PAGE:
Romeo-Mark’s strongest moments lie in the specific. Also, every now and again a line will stop you with its insight – e.g. “Jumbi, you jam with us/mock your past,’/mask your loss/in the revelry of carnival” in Moko Jumbi, or the traveler in Murdered “carrying memories/ of death,/she follows a long trek/to nowhere/and pauses only/to suckle the child/strapped to her back”, or when she ends When My Brother is Not My Keeper with “death, now,/is a casual thing,/and war is life”.
So there are strong pieces throughout – others with telling imagery and beautiful lines include The Nation Builder’s, Desiree’s Revenge, and Love at First Sound – but the collection does have cohesiveness issues in my view as an entire project. The sub-titles and essays are meant to aid with the shifts in geography but it doesn’t read as seamlessly as it could.
This book is actually strongest for me when it’s speaking to the immigrant experience and that, as a point of focus, trimming anything not specifically oriented toward that theme, might have moved this from a collection with good poems to an award winning poetry collection – strong, topical, timely. Perhaps it is that – I do hope that the author takes a shot at submitting it for the Bocas poetry prize and see what happens. Because, yes, the collection could have been more cohesive but Romeo-Mark is still a good writer with great lines, great poems, and vivid and deeply felt moments. Plus, I’d like to see more writers from Antigua and Barbuda, which Romeo-Mark is, initially, go for it.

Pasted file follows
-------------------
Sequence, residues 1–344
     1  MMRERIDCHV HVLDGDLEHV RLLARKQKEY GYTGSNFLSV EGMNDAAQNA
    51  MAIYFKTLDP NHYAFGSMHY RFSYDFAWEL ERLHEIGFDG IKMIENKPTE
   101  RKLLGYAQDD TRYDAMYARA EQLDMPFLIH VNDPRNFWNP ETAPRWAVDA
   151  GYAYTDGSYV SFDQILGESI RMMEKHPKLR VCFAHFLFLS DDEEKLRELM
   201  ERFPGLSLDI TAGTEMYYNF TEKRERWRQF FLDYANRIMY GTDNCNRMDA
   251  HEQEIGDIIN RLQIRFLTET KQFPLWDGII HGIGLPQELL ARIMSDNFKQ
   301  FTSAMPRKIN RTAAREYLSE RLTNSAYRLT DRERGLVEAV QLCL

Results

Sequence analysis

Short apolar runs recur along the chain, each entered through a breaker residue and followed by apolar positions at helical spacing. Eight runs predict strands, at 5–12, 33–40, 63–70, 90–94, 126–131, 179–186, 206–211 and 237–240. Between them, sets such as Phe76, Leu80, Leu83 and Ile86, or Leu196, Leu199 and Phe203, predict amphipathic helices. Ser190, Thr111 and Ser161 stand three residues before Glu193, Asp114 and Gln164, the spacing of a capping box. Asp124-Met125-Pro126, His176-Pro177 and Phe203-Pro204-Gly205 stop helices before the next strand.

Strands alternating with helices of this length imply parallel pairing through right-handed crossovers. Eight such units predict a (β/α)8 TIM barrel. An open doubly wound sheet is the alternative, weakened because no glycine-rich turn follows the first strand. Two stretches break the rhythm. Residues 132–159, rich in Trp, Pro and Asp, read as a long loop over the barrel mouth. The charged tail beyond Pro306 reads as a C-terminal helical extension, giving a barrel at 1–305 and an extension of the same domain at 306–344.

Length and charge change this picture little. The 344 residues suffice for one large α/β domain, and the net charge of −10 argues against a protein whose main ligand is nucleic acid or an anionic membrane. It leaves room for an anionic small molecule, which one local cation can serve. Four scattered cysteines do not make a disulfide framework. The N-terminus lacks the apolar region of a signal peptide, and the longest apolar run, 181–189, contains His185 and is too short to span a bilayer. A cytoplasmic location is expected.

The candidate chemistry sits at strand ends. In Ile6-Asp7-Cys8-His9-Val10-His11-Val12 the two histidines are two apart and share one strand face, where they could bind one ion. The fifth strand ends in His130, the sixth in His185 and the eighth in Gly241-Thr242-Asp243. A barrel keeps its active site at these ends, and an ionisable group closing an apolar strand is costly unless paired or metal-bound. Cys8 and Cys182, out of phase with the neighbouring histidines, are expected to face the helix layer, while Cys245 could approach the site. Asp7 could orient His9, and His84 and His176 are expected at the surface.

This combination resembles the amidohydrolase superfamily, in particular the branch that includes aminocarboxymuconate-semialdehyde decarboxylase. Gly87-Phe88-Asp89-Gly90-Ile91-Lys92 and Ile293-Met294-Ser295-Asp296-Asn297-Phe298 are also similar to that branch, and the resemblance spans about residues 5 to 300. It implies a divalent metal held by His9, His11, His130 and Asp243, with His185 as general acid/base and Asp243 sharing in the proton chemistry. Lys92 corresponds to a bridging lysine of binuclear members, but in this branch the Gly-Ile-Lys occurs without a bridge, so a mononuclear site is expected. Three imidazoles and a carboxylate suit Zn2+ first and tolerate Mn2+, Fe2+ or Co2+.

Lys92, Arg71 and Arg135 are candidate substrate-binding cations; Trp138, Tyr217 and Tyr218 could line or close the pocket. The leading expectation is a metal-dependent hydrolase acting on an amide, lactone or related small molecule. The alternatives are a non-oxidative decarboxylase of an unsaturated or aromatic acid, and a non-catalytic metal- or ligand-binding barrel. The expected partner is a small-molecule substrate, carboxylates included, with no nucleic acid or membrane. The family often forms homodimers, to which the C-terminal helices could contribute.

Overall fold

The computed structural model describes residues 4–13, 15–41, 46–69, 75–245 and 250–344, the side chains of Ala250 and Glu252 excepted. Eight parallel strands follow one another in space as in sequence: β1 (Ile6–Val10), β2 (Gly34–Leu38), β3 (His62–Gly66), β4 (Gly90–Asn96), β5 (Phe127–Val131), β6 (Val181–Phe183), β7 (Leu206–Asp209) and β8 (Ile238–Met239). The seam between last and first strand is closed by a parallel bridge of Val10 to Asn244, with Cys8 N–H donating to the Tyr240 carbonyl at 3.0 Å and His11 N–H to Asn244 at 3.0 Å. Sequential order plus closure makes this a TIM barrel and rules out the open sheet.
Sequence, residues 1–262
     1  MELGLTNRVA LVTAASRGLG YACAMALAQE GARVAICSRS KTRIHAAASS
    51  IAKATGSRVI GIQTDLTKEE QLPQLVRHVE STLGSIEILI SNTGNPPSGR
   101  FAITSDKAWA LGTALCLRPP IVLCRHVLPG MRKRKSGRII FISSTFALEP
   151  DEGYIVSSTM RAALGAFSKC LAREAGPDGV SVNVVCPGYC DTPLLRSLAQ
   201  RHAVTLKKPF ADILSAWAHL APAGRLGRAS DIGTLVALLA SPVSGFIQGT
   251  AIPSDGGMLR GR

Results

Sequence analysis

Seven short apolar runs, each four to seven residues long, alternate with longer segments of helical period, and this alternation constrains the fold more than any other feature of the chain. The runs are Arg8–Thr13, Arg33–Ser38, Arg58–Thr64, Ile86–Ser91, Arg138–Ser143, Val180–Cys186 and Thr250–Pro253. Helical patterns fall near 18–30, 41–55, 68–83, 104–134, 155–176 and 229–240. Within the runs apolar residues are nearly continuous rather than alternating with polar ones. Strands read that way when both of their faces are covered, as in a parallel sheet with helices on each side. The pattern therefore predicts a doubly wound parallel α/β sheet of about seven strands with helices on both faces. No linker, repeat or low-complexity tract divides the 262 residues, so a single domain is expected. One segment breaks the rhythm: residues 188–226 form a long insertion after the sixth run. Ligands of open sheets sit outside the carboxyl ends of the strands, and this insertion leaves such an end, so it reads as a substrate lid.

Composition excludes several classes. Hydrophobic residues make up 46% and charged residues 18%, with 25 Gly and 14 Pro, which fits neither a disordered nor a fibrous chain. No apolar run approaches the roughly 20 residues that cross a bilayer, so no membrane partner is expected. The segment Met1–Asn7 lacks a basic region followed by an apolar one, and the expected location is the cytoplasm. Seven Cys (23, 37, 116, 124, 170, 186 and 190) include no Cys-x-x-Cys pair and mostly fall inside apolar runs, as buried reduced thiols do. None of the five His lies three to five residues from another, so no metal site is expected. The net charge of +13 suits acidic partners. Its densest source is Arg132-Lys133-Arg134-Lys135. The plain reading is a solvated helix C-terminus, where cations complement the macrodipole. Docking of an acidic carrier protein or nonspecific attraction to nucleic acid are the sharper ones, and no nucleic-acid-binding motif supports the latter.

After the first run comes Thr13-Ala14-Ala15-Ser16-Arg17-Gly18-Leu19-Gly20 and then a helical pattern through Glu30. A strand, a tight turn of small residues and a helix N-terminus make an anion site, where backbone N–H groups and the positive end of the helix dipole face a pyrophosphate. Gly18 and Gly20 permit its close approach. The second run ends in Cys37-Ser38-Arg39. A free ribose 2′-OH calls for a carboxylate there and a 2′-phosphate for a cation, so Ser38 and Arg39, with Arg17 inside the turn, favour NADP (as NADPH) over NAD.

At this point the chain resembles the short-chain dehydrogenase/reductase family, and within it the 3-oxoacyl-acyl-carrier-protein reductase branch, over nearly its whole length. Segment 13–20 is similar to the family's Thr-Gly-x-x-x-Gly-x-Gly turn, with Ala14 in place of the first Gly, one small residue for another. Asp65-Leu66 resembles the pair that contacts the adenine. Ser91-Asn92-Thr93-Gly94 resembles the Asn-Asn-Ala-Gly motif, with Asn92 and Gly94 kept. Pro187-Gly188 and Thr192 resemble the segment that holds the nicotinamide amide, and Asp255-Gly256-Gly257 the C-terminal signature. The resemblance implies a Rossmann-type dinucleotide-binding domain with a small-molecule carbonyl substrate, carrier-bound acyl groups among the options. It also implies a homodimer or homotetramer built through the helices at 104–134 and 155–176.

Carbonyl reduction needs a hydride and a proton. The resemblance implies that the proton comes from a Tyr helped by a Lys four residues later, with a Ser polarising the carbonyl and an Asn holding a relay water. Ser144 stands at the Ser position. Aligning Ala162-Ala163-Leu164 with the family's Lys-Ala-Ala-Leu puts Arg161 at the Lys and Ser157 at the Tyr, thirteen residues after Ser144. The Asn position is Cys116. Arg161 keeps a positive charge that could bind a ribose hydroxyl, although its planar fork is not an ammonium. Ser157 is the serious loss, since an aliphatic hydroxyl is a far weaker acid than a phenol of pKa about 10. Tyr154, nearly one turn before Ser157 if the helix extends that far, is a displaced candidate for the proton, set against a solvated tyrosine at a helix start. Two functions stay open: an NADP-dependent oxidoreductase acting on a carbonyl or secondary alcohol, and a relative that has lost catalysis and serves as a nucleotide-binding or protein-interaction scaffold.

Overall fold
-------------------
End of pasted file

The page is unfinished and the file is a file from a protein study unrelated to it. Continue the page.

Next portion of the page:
Older Reads (i.e. books completed)…
The Awakening by L. A. Banks (throwback review)
Born a Crime: Stories from a South African Childhood by Trevor Noah
A Brief History of Seven Killings by Marlon James
Calabash – a Journal of Caribbean Arts and Letters Vol. 4 No. 2 (throwback review)
Emerald Isle of Adventure by Rachel Collis (throwback review)
Friends and Lovers by Eric Jerome Dickey (throwback review)
The Hate U Give by Angie Thomas
Joseph – A Rasta Reggae Fable by Barbara Makeda Blake Hannah (throwback review)
Gilly Gobinet’s Cool Caribbean series (throwback review)
Nectar in a Sieve by Kamala Markandaya
Outliers by Malcolm Gladwell
Rogue & Gambit by Kelly Thompson (writer) with Pere Perez (artist) and Frank D’Armata (colourist)
Singles’ Holiday by Elaine Spires
Tata and the Big Bad Bull by Juleus Ghunta with Catherine Loo
What Yellow Sounds Like by Linda Susan Jackson (throwback review)
Whitehorn Woods by Maeve Binchy (throwback review)
With Silent Tread by Frieda Cassin (throwback review)
World War Z: An Oral History of the Zombie War by Max Brooks
Zomo the Rabbit: a Trickster Tale from West Africa by Gerald McDermott – no full review but quick take “a fun Anansi-ish, if somewhat predictable read”